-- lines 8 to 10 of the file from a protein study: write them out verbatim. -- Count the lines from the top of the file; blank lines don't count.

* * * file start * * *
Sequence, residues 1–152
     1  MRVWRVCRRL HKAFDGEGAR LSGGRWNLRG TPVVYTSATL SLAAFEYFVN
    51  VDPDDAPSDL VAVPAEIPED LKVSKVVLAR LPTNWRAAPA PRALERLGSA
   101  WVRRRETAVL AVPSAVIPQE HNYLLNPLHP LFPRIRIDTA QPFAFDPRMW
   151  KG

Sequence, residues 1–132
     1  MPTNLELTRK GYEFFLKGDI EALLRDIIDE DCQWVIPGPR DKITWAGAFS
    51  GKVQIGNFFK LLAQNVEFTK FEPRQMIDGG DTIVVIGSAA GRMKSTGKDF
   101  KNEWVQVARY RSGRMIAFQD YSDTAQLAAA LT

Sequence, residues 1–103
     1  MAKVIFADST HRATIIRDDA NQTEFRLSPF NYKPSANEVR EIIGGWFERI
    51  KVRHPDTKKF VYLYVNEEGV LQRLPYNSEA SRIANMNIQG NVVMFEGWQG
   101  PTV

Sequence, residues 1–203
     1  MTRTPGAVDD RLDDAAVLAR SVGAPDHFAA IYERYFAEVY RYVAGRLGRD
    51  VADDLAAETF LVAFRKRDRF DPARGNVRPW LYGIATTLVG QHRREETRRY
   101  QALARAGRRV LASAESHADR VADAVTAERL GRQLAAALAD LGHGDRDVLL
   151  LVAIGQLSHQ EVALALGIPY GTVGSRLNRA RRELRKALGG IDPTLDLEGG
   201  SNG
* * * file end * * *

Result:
    51  GKVQIGNFFK LLAQNVEFTK FEPRQMIDGG DTIVVIGSAA GRMKSTGKDF
   101  KNEWVQVARY RSGRMIAFQD YSDTAQLAAA LT

Sequence, residues 1–103